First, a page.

Dum Maaro Dum tries extremely hard to be a gritty, stylish action thriller set amidst the drug cartel in Goa but ultimately stumbles and stumbles badly with an unimpressive screenplay, a none too engaging narrative flow and some extremely shoddy execution.
In Dum Maaro Dum, multiple lives collide brutally one day at Goa Airport… and change forever. ACP Vishnu Kamath (Abhishek Bachchan), a self destructive cop fleeing his own past, Kamath is given the job of destroying the brutal local and international drug mafia in Goa. Lorry (Prateik Babbar), a student on the verge of following his girlfriend to a US University. But when his scholarship gets rejected, his life threatens to spiral out of control. DJ Joki (Rana Daggubati), local musician and mute spectator to what is happening around him, Joki drifts aimlessly through life after an encounter with the drug mafia cost him everything he held dear. Zoe (Bipasha Basu),an aspiring air hostess who saw her dreams turn to dust. Lorsa Biscuta aka the Biscuit (Aditya Pancholi), a ruthless local businessman, the Biscuit has his finger in every Goan pie, legal or illegal.
The first half of the film uses every trick in the book to desperately try and look zippy, stylish and cool to cover up for lack of story development. On the screenplay level, barring playing with the structure to introduce the main protagonists and lead to Goa airport and there on to the juvenile home, there really is little. Even the structure seems more to be a cover up the wafer thin material as is the ‘flashy’ treatment. Practically every transition from scene to scene is through some some graphical effect so conveniently the makers can get away with lax scene entries and exits while the camera wide angle frames scream themselves hoarse for attention to themselves. In the name of style, the film is grossly overcut with obvious cuts that distract and take away from the story more than anything else. This is felt all the more in the few human moments the film has.
Still, for all its issues, the first half is still somewhat bearable. But then the second half sees the film totally plummet. It loses focus, the story meanders in spite of this half being more loaded and now that the film is suddenly treated sans the visual effects and has to actually deal with more events, the filmic shortcomings scream out at you. Scenes are unimaginatively filmed – the Abhishek – Aditya Pancholi pointless interaction with its corny dialogue – while the multiple deaths, twists and double crosses seem desperate to bring back some life into the film. Govind Namdeo’s twist, for instance, is obvious and the story too seems to go on and on and on beyond a point… In fact, the script and solution is far too simplistic considering the intricacies of Goa’s drug trade business and the wide nexus it covers. Let’s just say a Traffic this isn’t!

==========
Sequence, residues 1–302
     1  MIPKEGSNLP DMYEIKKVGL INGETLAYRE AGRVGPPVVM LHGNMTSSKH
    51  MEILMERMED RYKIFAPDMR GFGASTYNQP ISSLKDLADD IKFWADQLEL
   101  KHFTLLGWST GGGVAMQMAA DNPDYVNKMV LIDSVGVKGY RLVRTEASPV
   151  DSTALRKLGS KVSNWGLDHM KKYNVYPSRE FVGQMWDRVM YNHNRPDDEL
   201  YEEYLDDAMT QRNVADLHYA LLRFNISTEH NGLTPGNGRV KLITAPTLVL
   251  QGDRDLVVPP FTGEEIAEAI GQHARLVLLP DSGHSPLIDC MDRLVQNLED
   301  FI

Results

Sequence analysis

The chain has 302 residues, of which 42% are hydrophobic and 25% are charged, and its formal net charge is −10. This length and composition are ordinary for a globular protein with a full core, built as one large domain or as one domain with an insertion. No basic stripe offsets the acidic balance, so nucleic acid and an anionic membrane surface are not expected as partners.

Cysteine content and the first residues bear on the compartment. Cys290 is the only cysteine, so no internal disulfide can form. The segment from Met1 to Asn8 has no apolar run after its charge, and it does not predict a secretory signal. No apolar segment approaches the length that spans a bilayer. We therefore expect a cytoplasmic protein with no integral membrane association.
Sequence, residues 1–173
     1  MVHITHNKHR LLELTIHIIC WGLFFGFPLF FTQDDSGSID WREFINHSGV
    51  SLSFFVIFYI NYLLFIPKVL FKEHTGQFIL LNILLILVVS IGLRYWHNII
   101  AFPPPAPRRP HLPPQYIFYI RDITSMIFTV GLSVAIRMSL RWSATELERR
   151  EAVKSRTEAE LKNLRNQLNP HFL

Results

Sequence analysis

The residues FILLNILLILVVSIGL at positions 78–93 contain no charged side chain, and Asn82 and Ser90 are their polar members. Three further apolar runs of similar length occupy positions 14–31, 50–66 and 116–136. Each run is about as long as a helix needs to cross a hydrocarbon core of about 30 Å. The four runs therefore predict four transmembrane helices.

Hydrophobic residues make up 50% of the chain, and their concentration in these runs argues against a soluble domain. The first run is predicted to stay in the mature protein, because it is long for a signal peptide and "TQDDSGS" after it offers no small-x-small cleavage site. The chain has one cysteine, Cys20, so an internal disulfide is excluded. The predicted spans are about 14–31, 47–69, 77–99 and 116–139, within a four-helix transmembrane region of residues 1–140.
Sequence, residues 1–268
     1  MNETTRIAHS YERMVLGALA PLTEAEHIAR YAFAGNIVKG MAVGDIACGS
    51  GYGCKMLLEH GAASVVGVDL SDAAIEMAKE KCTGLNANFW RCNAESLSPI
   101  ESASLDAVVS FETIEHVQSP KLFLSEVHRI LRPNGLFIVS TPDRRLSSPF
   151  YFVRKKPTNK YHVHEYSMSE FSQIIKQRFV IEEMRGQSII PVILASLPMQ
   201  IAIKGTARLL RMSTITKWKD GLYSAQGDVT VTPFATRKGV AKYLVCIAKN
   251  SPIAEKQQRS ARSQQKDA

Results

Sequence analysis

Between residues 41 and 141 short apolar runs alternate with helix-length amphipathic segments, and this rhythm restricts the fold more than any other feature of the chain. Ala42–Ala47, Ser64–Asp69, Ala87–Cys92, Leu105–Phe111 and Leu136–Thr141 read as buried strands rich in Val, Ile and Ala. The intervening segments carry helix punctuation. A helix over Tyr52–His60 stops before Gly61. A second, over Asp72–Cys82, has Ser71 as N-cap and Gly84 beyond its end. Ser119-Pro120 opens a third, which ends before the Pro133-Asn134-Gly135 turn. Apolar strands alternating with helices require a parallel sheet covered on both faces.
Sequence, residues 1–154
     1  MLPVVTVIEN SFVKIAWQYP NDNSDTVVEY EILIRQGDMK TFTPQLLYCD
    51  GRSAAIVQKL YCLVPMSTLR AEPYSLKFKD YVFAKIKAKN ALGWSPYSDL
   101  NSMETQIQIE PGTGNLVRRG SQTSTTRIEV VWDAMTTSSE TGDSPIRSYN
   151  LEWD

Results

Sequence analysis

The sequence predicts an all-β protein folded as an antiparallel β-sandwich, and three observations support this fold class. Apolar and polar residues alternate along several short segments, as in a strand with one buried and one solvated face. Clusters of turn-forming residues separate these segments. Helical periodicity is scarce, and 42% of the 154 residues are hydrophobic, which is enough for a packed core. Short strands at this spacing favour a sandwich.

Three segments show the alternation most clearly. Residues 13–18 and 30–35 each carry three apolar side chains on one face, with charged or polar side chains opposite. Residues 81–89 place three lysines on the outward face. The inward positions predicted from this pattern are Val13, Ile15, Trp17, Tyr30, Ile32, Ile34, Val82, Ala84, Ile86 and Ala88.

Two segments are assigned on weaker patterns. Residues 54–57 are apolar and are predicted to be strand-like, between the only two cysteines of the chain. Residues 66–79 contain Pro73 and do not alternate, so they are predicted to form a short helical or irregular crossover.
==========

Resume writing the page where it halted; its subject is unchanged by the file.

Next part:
A pity, really, as somewhere there was great scope here for an engrossing edge of the seat thriller. On the conception level, the characterisations of the three men and the stages of their lives that we catch them in are extremely interesting with all their various frailties. Sadly, however, their fleshing out is far from satisfactory. The back stories are superficial (especially Abhishek), the Rana-Bipasha romance development extremely weak and their scenes after she has become Aditya Pancholi’s keep fail to have an impact or make you care about them. In fact, you don’t really care enough for any of the central characters and even the few interesting ideas – the identity of the ‘big boss’ – suffer from weak execution.
The performances fail to lift the film. Abhishek plays cool dude again with shades of grey and while this appears right up his alley and admittedly he has his moments, there are times he ends up making demented faces like his Raavan act. Bipasha has to ‘act’ and ‘act’ to convey anything, Rana Daggubati admittedly has good screen presence but is otherwise wooden while Anaitha Nair has nothing to do. Prateik is so-so, Govind Namdeo is his usual loud self while Aditya Pancholi is weak and uninteresting reminding you of the worst of old Hindi cinema where the villains kept up charitable fronts. Alfred Hitchcock always said stronger the villain, better the film as the hero then has to be that much stronger to surmount the villain. The Sippy’s own Sholay (1975) is the classic example. Vidya Balan adds nothing really with her cameo but then her role is treated such. The done to death stereotype of the woman in white calling out to her man in his last moments… what can one say?
The technicalities too are disappointing for an A-film of this sort. The camerawork is inconsistent, the editing flow choppy and though Pritam’s music is adequate, the song picturisations do nothing – Abhishek’s song looking totally out of place and the item number Mit Jaaye Gam taking the cake. Dev Anand should seriously sue for what has been done to his classic song. 40 years down, Zeenie Baby can comfortably relax knowing the song will always, always be her own. Deepika’s graceless, ‘stoned’ shaking, the silly choreography, the awful remix, weird lyrics all only reinforce to you just how good the original song was. The film is the first Indian movie to be mixed in Dolby 7.1 but really the theatre one saw it in did not seem to be upgraded for the same so one cannot really comment on Manas Choudhury’s sound design. The action scenes are ok, the visual effects get on the nerves rather than give the film style and attitude and they too are inconsistent, unable to give the film an overall coherent style as too much is packed in. Mention, however, must be made of some of the smart dialogue, particularly with Govind Namdeo’s character.
All in all, as one desperately looks for better films from Bollywood, rest assured this one isn’t it – and it has to be said – is actually quite dumless.
Hindi, Thriller, Color